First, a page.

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Protect your pets this Bonfire Night

As the nights draw in, people across the borough are excited about spectacular fireworks displays.

Fireworks displays are one of the highlights of the season, but for pets it might not be so exciting, and owners are urged to be vigilant with their animal’s wellbeing.

Animals can become extremely stressed and behave out of character. Loud bangs can also be painful for pets as their hearing is more acute than humans.

North East Lincolnshire Council’s regulation and enforcement team see a significant increase in stray dogs around Bonfire Night, Halloween and New Year.

Owners are asked to be extra vigilant as there is there is a cost associated with collecting lost or stray pets from Council custody.

Councillor Ron Shepherd, cabinet member for Safer and Stronger Communities, said: “Many pets can panic because of the sudden loud noise from fireworks, and could even escape in the confusion.

“This can be put family pets at risk and can be extremely dangerous if they run out into the road, which could have potentially serious consequences, not just for them, but for motorists.

“Pet owners should make sure their animals are cared for and reassured and take steps to avoid them getting loose.”

The regulation and enforcement team advise owners to make sure their dog is microchipped and wearing an ID tag, even at home.

This means that if animals do run away, they can be quickly reunited with their family.

Fluorescent collars are also advisable and are the best way to ensure that your dog is visible to motorists during the dark mornings and evenings.

Bonfire Night can be extremely stressful to dogs, which can cause them to bark excessively, as a result, the council is more tolerant at this time of year when it comes to enforcement of noise nuisance.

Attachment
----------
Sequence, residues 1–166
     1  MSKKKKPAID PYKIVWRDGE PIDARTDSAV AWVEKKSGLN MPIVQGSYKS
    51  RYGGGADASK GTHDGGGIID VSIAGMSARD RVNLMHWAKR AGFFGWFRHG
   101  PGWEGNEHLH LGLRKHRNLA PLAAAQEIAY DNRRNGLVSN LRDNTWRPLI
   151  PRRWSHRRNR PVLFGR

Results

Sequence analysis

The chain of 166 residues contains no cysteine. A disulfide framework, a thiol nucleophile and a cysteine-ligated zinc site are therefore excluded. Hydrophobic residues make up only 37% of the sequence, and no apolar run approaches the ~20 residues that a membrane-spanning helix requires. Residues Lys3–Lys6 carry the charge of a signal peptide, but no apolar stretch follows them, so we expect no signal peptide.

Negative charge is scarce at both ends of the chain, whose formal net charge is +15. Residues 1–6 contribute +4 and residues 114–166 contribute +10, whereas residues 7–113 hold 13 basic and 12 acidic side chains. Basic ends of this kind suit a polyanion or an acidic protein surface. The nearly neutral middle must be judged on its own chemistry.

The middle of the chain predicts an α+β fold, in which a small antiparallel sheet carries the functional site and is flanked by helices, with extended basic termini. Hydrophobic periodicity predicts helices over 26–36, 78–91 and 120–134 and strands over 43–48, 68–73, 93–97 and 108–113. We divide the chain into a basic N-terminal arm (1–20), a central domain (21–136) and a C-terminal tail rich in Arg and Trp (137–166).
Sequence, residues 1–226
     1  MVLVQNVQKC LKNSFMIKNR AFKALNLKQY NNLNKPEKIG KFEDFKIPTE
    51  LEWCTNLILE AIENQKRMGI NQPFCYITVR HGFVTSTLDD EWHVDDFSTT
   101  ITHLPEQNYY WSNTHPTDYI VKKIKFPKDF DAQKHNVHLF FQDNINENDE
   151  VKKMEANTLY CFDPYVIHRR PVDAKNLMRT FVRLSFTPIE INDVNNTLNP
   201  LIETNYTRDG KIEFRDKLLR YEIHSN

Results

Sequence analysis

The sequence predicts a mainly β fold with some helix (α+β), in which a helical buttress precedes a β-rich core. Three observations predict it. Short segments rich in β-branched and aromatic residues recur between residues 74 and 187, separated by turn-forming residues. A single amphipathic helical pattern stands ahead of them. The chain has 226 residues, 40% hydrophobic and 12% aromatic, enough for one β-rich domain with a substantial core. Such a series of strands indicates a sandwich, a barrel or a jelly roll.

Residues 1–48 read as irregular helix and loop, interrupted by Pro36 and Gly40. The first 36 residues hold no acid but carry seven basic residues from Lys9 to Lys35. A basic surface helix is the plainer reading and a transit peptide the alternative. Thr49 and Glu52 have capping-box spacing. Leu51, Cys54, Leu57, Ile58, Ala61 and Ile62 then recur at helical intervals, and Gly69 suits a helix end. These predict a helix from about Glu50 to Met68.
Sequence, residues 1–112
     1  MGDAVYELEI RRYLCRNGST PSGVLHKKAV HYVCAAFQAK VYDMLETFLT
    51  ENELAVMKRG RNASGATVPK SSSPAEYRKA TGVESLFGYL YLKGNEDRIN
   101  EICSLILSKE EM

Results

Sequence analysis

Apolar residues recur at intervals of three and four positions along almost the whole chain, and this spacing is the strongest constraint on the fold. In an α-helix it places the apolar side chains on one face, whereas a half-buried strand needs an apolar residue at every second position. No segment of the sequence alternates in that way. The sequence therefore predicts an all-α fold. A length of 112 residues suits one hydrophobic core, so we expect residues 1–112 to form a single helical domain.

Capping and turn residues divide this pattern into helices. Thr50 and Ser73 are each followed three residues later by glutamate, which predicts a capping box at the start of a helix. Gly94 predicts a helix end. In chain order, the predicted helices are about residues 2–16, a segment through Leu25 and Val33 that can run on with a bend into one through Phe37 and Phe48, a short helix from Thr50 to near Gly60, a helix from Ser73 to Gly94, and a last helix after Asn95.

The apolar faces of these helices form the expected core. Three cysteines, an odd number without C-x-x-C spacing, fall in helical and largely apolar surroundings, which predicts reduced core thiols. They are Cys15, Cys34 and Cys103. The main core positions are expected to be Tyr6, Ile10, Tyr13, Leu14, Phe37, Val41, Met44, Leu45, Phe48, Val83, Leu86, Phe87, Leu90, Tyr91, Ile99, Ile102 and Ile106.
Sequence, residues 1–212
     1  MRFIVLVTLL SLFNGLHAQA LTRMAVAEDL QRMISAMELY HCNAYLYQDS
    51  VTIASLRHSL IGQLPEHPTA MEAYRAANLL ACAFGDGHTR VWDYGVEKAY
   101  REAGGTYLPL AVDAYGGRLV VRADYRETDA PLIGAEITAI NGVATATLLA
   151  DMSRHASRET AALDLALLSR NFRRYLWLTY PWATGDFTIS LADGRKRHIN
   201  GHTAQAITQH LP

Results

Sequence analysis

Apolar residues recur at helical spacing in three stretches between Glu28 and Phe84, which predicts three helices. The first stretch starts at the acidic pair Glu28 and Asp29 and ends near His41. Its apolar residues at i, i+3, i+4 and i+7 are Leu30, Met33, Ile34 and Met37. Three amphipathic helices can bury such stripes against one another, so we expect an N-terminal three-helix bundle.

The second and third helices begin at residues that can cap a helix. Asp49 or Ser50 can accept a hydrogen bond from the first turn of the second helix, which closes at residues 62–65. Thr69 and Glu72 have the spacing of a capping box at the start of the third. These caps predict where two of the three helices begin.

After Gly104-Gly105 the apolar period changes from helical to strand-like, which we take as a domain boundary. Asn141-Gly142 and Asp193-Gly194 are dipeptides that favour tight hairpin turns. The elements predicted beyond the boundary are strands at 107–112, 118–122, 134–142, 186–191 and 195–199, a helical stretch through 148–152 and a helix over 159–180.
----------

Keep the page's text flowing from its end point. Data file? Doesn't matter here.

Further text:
The regulation and enforcement team offers the following advice to pet owners to help their animals feel less afraid:

  • Provide a den or a hiding place where your dog can go to feel safe at all times, and give praise when they are ready to come out.
  • Do not punish your dog for bad behaviour as this will only make them more confused or distressed.
  • Do not cuddle and comfort them as this may make the problem worse, thinking that you are fearful too. Instead, act as normal and praise calm behaviour.
  • Provide distractions while the fireworks are happening, like playing with new toys or chews.
  • Turn on the TV and keep curtains closed to mask the noise and black out flashes from the fireworks.
  • Do not leave your pet alone when fireworks are going off, even if you are nipping to the shop, as they can panic and injure themselves. With a familiar person around, they will benefit from the increased sense of security and the comfort this gives them.
  • Keep windows, doors, and cat flaps closed during firework night to reduce the risk of your pets escaping.
  • Walk your dog when it’s still light outside, and preferably in the morning where there is less chance of fireworks being set off. Let them out for the toilet before darkness and the fireworks begin.

Some dogs may benefit from being fed an afternoon meal that is high in carbohydrates (such as well-cooked rice or pasta) which will help them to feel sleepier and calmer that evening. Give them plenty of exercise during the day to tire them out by the evening.

Trembling, pacing, cowering, and barking are signs that your dog may be stressed and fearful.

Never take your dog to a firework display, even when they are not showing signs of fear. Excessive panting and yawning can also indicate stress in your dog.

RSPCA research suggests firework phobia is a treatable condition, speak to your vet about possible solutions.

Do not forget smaller pets, especially those that live outdoors.

Ensure they have extra bedding to burrow down into and feel safe, and partially cover aviaries, cages and pens, to provide some sound proofing and make sure they are well ventilated.

Even better, bring them indoors or into your garden shed or garage where possible.

If your dog goes missing, visit https://www.nelincs.gov.uk/environment-and-community-safety/clean-streets/stray-lost-dogs/ for details on what steps to take.

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